Caída del cielo
In her extraordinary virtuoso flamenco imbued with rock concert and performance art aesthetics, Rocío Molina is merciless. Powerful, transgressive, untamed dance.
An innovative, iconoclastic star of new flamenco, the Spanish dancer Rocío Molina is a force of nature in this subversive, electrifying piece. Blending untamed, virtuoso flamenco with a rock concert and performance art approach, she shatters conventions as she plunges into the feminine depths of a sensual, exuberant world.
Acoustic guitar, a cappella singing, distortion and a dynamic Rocío Molina nimbly twirling and ruthlessly pounding her heels. In her chrysalis dress, she shimmies and undulates into unknown territory, silently conquering the ground. Onstage she obliterates genres, playing the strutting torero, dabbling in cabaret, defying the musicians in an exhilarating duel. Breathless and exhausted, bathed in dirt and blood, this she-devil holds her own against flamenco. Unprecedented. A powerful, transgressive and unruly dance.
Produced by Danza Molina S.L.
Choreography and music direction Rocío Molina
Dramaturgy, direction and lighting design Carlos Marquerie
Ideation Carlos Marquerie + Rocío Molina
Original music Eduardo Trassierra in association with José Ángel Carmona + Pablo Martín Jones + José Manuel Ramos “Oruco”
Costume design Cecilia Molano
Performed by Rocío Molina + Eduardo Trassierra (guitars) + José Ángel Carmona (singing and electric bass) + José Manuel Ramos “Oruco” (hand-clapping, beat and percussion) + Pablo Martín Jones (percussion and electronics)
Written by Jessie Mill
Translated by Neil Kroetsch
Technical director Salle Ludger-Duvernay, Monument-National
Technical coordinator Festival TransAmériques
Co-produced by Théâtre National de Chaillot (Paris)
With the support of INAEM
Presented by Infopresse
Rocío Molina (Seville)
Born in Andalusia near Màlaga in 1984, the young prodigy of new flamenco began dancing at the age of three.
Rocío Molina joined María Pagés’ dance company at age 17 shortly before completing her studies at the dance conservatory in Madrid, following in the footsteps of great innovators who have reinvented the genre, notably Israel Galván, with whom she has also performed. She won the Spanish Ministry of Culture national award in 2010 for her contribution to the renewal of flamenco, and in 2016 received the Giraldillo award at the Flamenco Biennial in Seville.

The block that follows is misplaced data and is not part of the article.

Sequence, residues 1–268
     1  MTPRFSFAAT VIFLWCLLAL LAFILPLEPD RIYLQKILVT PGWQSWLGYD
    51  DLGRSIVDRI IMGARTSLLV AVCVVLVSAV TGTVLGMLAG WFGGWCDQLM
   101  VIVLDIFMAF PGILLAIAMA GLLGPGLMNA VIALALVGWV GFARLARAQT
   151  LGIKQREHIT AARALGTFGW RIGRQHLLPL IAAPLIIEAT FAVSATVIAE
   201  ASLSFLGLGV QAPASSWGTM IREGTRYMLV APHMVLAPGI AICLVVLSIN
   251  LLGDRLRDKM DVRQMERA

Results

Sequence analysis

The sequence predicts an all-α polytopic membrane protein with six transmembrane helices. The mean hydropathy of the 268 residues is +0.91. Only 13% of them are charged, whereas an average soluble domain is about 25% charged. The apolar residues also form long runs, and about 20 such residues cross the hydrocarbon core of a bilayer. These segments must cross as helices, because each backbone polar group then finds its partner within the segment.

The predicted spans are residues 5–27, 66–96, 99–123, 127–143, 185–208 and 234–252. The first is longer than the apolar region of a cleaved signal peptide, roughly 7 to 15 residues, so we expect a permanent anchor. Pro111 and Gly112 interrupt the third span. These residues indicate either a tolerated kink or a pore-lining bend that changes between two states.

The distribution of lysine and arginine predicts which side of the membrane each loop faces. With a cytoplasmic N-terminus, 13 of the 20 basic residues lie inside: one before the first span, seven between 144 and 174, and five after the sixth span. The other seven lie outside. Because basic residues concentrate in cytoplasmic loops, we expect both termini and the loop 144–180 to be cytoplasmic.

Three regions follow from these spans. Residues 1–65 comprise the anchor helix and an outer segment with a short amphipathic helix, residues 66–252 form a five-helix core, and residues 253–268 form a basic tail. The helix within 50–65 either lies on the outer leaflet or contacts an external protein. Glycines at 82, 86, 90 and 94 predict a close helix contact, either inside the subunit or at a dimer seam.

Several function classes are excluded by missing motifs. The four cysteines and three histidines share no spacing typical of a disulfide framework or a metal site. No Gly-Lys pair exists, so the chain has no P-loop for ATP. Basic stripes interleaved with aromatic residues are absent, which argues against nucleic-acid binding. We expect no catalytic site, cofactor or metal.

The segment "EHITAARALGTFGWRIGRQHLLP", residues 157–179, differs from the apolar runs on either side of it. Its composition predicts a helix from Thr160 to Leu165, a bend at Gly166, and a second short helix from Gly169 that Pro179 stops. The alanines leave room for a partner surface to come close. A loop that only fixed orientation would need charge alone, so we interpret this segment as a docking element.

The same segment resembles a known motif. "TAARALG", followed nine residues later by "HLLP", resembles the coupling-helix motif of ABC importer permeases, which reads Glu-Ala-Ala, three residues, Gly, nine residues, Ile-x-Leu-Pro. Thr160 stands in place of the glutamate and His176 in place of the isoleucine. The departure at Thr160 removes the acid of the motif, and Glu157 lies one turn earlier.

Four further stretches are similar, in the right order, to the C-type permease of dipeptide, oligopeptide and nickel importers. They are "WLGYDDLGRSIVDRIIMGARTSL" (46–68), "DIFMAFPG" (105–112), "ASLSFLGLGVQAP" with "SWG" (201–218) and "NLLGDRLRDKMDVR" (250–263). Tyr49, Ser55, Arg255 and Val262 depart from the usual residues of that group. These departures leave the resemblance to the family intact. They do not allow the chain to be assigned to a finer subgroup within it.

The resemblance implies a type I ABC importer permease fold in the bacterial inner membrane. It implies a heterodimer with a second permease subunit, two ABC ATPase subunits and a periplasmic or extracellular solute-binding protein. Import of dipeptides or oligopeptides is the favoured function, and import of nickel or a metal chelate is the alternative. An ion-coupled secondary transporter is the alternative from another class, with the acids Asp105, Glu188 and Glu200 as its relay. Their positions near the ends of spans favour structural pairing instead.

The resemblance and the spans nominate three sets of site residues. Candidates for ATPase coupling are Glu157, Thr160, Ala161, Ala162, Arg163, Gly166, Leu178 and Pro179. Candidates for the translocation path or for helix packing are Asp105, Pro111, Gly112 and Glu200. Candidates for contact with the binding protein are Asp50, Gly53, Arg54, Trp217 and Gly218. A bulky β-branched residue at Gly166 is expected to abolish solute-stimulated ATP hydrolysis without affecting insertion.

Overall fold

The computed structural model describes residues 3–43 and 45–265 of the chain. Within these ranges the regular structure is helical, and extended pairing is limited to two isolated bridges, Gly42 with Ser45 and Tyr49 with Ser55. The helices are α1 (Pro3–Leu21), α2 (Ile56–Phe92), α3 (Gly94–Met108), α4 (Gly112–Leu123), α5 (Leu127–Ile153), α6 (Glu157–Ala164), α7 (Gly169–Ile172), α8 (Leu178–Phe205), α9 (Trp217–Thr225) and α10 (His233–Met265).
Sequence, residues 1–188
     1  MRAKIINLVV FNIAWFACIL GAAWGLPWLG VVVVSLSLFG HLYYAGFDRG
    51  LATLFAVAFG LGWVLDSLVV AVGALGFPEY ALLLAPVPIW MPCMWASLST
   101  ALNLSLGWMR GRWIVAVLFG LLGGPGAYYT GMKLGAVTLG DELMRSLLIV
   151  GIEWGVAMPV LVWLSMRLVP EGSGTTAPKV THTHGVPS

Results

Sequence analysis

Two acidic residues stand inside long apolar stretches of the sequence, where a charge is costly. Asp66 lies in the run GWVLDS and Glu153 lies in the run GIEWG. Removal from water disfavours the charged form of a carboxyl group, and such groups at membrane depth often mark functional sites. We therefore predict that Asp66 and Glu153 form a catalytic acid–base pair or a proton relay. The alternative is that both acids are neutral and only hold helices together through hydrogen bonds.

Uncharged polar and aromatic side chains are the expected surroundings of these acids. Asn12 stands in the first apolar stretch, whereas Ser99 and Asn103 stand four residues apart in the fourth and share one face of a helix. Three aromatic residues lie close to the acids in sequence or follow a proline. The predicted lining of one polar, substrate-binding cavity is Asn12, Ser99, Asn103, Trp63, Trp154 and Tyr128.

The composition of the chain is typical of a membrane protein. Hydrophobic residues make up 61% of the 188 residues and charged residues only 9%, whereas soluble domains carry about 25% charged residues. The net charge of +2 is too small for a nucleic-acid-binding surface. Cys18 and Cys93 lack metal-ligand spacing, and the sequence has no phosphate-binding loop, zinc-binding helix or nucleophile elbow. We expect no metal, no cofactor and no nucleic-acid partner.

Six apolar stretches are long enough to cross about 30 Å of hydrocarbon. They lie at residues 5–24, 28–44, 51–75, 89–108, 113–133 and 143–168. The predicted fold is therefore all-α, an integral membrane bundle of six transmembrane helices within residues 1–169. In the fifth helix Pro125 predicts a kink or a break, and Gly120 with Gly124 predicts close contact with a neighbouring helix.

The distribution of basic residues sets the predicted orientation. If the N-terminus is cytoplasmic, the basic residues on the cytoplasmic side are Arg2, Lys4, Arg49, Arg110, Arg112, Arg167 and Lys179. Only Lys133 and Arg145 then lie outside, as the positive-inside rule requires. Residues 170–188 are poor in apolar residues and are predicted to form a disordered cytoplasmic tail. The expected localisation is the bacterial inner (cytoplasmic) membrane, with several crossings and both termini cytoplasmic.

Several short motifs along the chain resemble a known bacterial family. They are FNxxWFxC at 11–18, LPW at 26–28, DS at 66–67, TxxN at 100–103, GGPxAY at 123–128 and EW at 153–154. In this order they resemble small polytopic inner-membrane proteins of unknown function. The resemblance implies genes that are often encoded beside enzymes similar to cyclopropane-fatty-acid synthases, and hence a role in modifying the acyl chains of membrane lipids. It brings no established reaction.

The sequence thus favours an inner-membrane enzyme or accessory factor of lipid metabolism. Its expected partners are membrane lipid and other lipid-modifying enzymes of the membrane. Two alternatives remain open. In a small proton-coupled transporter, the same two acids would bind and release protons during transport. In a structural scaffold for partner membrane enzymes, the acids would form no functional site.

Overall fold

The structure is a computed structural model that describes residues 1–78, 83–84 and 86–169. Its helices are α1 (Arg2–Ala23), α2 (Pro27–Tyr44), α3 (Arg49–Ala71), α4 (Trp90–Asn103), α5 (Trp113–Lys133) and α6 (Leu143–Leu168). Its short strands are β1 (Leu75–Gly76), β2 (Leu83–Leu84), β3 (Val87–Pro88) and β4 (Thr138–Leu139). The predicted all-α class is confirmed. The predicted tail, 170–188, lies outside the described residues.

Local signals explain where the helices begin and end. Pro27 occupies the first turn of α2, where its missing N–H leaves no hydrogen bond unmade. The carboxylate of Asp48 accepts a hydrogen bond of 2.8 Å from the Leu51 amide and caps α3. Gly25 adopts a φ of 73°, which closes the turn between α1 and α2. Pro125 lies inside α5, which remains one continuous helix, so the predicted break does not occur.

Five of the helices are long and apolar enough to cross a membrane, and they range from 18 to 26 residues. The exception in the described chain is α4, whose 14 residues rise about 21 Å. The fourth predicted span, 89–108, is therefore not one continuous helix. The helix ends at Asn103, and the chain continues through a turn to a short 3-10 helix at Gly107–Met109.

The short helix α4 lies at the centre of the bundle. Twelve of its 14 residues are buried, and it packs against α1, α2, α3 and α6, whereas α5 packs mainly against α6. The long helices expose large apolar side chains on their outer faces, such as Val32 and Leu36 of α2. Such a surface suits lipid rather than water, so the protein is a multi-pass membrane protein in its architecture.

Attached to flamenco tradition, she placed herself under the patronage of the legendary Carmen Amaya. She plays with clichéd images of women by using traditional attributes – the shawl, the fan, a gown with a sweep train – as weapons to combat macho stereotypes. In 2006 at age 22 Rocío Molina created her first piece Entre paredes (Among the Walls), soon followed by other works where she pushed the boundaries of the discipline. After a performance in New York of her 2008 piece Ojo viejo (Old Gold), the great Mikhaïl Baryshnikov entered her dressing room and knelt before her in unabashed admiration, contributing to her mythical status. For her 2011 solo Danzaora y vinática (2011) she was inspired by Pieter Brueghel’s painting The Tower of Babel, while her 2014 piece Bosque Ardora (Ardora’s Forest) explored war and hunting. Carlos Marquerie has been her faithful accomplice since 2009, regularly assisting her as a dramaturge and set and lighting designer, and now as the co-artistic director of Caída del Cielo.
You have been collaborating with Rocío Molina since 2009 as a dramaturge, set designer and lighting designer. How did the work on this most recent piece, Caída del Cielo, lead to you becoming the artistic director?
Carlos Marquerie — When we first started talking about this new piece a year ago, we were thinking of a diptych – two faces and two gazes, two sounds and two spaces, a journey from light to shadow, a descent into darkness. We were rereading Dante and taking another look at the paintings of Hieronymus Bosch. Even though his hell looked like a lot more fun than a stable, soothing paradise, his portrayal of hell is without doubt a place of fear and suffering. We were unable to identify that obscure, vital place we were looking for, and at the same time we knew that the space we had intuited was far removed from things as they appear. This piece demanded that we let go, that we look for material in dark caves and obscure crevices.